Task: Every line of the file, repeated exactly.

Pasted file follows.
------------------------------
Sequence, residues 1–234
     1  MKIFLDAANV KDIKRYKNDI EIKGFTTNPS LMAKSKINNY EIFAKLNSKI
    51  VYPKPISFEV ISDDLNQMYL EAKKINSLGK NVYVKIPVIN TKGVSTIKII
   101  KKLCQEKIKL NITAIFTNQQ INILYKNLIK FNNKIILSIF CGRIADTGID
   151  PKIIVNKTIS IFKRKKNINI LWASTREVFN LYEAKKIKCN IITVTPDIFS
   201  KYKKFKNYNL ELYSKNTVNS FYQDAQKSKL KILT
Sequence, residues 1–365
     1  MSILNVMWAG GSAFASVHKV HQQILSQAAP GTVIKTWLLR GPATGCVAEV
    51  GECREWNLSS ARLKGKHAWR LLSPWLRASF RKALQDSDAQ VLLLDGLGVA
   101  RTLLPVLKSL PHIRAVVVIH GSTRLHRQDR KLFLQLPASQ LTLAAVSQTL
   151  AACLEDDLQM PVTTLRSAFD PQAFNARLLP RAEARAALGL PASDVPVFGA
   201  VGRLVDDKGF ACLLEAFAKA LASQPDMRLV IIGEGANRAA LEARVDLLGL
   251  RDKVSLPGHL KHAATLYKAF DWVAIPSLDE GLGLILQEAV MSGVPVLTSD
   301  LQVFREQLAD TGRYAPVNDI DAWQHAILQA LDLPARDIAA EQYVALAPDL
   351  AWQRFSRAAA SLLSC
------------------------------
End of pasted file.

Sequence, residues 1–234
     1  MKIFLDAANV KDIKRYKNDI EIKGFTTNPS LMAKSKINNY EIFAKLNSKI
    51  VYPKPISFEV ISDDLNQMYL EAKKINSLGK NVYVKIPVIN TKGVSTIKII
   101  KKLCQEKIKL NITAIFTNQQ INILYKNLIK FNNKIILSIF CGRIADTGID
   151  PKIIVNKTIS IFKRKKNINI LWASTREVFN LYEAKKIKCN IITVTPDIFS
   201  KYKKFKNYNL ELYSKNTVNS FYQDAQKSKL KILT
Sequence, residues 1–365
     1  MSILNVMWAG GSAFASVHKV HQQILSQAAP GTVIKTWLLR GPATGCVAEV
    51  GECREWNLSS ARLKGKHAWR LLSPWLRASF RKALQDSDAQ VLLLDGLGVA
   101  RTLLPVLKSL PHIRAVVVIH GSTRLHRQDR KLFLQLPASQ LTLAAVSQTL
   151  AACLEDDLQM PVTTLRSAFD PQAFNARLLP RAEARAALGL PASDVPVFGA
   201  VGRLVDDKGF ACLLEAFAKA LASQPDMRLV IIGEGANRAA LEARVDLLGL
   251  RDKVSLPGHL KHAATLYKAF DWVAIPSLDE GLGLILQEAV MSGVPVLTSD
   301  LQVFREQLAD TGRYAPVNDI DAWQHAILQA LDLPARDIAA EQYVALAPDL
   351  AWQRFSRAAA SLLSC